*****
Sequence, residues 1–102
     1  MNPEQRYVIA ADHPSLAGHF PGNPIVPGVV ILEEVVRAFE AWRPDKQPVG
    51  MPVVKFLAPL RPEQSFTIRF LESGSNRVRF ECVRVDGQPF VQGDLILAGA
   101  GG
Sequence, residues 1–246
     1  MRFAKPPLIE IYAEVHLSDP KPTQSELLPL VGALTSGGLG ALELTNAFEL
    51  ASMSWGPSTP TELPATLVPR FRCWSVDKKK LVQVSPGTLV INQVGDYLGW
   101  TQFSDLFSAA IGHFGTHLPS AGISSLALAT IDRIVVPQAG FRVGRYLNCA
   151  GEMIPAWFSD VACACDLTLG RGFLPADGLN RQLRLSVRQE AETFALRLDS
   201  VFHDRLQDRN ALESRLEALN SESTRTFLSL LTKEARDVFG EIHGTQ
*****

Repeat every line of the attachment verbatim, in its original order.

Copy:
Sequence, residues 1–102
     1  MNPEQRYVIA ADHPSLAGHF PGNPIVPGVV ILEEVVRAFE AWRPDKQPVG
    51  MPVVKFLAPL RPEQSFTIRF LESGSNRVRF ECVRVDGQPF VQGDLILAGA
   101  GG
Sequence, residues 1–246
     1  MRFAKPPLIE IYAEVHLSDP KPTQSELLPL VGALTSGGLG ALELTNAFEL
    51  ASMSWGPSTP TELPATLVPR FRCWSVDKKK LVQVSPGTLV INQVGDYLGW
   101  TQFSDLFSAA IGHFGTHLPS AGISSLALAT IDRIVVPQAG FRVGRYLNCA
   151  GEMIPAWFSD VACACDLTLG RGFLPADGLN RQLRLSVRQE AETFALRLDS
   201  VFHDRLQDRN ALESRLEALN SESTRTFLSL LTKEARDVFG EIHGTQ